In Resumes

Are you thinking about getting creative with your resume to get noticed? Is it a good idea or not? Let’s find out.

Job applications tend to come in the hundreds if not thousands when companies release job postings. It can be difficult to stand out from the rest of the crowd when you’re not there in person. All you have is a piece of paper with a few hundred words on it. So, would a creative resume benefit you in your job hunt? It all depends on the job role that you’re applying for and whether the employer would prefer it.

According to research by Simplyhired, most employers still prefer the traditional format of resumes where the information is displayed in a predictable way. Even if it is for a creative industry role. The 3 formats that are generally preferred are:

  • a chronological format
  • functional resume
  • combination resume

Whether you create a creative resume or a traditional one, it is a great idea to take advantage of Career Resume’s FREE RESUME CRITIQUE. Let our professional resume writers take a look at your resume and offer helpful suggestions and tips to make it even better.

Pros of using a creative resume

Creative industries tend to be open to creative resumes. Makes sense, right?  Sometimes, it can be rather underwhelming to just read words on a white page. Industries such as marketing and design where it is important to showcase great skills in creativity. Web design and content creation are also very creative jobs.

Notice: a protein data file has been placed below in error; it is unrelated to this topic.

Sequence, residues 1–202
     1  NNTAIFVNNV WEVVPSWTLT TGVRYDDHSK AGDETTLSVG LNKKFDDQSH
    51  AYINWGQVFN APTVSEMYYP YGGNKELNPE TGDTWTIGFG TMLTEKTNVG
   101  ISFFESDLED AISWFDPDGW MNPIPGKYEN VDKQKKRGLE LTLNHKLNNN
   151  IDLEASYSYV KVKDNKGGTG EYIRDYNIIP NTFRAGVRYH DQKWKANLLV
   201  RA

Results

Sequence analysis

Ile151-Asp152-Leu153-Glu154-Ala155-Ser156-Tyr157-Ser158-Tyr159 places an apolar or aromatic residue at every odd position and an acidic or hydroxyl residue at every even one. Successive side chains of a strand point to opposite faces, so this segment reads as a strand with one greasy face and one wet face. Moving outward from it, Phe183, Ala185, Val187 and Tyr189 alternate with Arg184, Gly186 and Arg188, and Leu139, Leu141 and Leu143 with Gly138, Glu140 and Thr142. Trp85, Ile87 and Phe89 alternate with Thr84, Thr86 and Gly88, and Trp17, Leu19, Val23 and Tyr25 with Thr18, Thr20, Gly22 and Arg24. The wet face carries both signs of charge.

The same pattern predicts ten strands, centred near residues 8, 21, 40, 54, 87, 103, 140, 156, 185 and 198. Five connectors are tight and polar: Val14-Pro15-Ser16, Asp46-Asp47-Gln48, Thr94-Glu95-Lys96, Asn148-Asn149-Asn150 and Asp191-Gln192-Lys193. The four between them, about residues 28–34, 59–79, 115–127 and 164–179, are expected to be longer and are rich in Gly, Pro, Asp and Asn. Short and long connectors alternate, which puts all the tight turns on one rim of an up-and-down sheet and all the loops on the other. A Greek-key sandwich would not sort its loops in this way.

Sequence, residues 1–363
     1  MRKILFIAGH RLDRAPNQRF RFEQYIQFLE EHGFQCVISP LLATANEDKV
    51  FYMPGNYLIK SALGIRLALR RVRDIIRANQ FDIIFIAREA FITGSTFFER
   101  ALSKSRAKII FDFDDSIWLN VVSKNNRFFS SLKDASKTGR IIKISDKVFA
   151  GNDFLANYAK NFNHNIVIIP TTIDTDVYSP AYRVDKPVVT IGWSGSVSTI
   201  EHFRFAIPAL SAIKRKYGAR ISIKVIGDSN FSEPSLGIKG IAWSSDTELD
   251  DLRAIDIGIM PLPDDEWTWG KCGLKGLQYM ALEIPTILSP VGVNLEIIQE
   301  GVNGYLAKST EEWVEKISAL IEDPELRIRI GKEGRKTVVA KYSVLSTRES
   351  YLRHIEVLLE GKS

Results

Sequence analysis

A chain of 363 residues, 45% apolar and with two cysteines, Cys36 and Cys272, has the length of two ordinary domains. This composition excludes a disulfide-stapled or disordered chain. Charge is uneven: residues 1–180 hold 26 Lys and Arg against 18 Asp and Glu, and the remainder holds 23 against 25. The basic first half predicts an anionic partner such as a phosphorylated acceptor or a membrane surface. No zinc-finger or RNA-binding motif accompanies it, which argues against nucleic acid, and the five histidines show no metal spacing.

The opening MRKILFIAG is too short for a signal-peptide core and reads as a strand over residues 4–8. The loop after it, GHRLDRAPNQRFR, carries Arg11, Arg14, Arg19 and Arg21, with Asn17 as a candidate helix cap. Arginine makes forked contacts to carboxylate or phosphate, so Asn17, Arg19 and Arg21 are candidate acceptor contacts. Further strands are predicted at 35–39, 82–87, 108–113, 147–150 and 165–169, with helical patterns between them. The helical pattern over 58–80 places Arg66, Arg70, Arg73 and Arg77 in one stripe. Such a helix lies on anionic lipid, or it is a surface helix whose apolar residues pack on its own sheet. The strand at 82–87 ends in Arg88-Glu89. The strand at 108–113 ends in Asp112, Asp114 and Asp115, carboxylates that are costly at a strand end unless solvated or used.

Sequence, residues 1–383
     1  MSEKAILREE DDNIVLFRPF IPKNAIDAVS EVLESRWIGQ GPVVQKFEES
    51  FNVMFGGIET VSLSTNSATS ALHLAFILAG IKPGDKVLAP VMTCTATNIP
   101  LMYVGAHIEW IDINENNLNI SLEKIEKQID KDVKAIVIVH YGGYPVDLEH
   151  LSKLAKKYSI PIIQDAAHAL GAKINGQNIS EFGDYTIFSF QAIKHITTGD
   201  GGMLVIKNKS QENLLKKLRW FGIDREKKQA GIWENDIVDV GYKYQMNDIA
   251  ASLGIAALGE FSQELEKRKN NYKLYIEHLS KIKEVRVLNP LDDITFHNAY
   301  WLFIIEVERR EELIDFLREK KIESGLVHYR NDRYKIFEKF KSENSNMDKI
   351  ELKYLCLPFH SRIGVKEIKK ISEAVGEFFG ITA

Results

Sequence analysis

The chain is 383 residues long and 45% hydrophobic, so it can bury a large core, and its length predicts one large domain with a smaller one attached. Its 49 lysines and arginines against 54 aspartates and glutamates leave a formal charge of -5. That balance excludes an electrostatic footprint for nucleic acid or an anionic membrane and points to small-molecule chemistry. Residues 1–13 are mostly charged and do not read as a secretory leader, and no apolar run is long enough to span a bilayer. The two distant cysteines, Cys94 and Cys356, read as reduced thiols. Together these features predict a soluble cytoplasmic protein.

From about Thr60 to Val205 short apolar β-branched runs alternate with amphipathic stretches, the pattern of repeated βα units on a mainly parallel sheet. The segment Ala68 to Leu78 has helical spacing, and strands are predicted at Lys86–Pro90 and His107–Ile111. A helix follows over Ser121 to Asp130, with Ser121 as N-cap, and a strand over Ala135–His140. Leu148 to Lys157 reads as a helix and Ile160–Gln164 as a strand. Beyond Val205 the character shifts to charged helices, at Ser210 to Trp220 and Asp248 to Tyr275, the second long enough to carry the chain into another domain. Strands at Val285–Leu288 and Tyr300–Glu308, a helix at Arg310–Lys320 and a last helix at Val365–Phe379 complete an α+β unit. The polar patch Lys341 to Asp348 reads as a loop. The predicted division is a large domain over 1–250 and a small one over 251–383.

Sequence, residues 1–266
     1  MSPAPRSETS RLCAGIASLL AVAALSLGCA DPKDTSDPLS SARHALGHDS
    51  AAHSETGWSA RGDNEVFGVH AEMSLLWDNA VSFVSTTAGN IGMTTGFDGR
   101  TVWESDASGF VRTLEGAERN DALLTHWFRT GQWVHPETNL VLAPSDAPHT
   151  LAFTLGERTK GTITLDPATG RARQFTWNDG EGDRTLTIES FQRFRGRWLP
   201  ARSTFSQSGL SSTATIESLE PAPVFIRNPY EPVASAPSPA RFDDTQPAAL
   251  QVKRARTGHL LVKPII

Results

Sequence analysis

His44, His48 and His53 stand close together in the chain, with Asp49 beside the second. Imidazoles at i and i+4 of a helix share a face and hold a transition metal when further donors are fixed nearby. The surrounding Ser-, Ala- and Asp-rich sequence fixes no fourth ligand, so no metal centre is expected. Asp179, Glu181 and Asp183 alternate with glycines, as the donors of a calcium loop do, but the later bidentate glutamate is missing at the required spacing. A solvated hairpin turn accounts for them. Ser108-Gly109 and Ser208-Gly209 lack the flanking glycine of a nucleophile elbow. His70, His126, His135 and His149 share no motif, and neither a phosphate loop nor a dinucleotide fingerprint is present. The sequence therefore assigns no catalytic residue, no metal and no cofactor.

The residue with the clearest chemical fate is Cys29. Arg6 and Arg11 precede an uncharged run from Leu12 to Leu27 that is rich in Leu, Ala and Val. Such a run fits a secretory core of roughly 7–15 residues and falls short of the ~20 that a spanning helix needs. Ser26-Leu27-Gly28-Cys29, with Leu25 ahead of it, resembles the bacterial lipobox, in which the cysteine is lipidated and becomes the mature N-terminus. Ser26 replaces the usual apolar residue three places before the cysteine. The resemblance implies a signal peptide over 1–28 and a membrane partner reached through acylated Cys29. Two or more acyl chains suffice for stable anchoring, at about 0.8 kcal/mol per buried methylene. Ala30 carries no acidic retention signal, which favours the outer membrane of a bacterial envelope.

Cons of using a creative resume

Although creative resumes are becoming more popular, that doesn’t mean you should immediately begin to create one and send it out to potential jobs. Many more companies still prefer the traditional format.

It’s worth noting that with so many applicants applying for the same role, to help weave through the applications to find an ideal candidate they still use applicant tracking systems (ATS). These can automatically screen resumes and check which candidates have the desired skills for the position. These machines require text-based resumes, as apposed to videos or online portfolios. 

In other circumstances, companies just simply do not like creative resumes, suggesting that graphics and visuals are unnecessary. In some cases, they also feel it’s not taking the application process seriously. Therefore, when applying, consider the industry you’re applying for and the company’s ethos/culture.

How to get creative

If you’re a creative person or applying for a creative industry role, try to do something out of the box with your resume. Be sure to check out the industry and company that you’re applying for and make it specific to them. Do they specialize in brand identity design? Is it a social media company? Perhaps filming and editing? These factors will help to determine how you format your resume and what to include in it.

It’s not just the resume that you have to be creative with either. Consider different ways you can circulate the resume rather than the traditional method of email. For example, search online for creatives in the sector and consider sharing it with them through their socials or post it on your own socials if you already have a large network.

Happy Career Hunting! We are here for you!

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About the author: Jamie Costello is an experienced business writer.

Contact Jamie at @jamie88costello.

 

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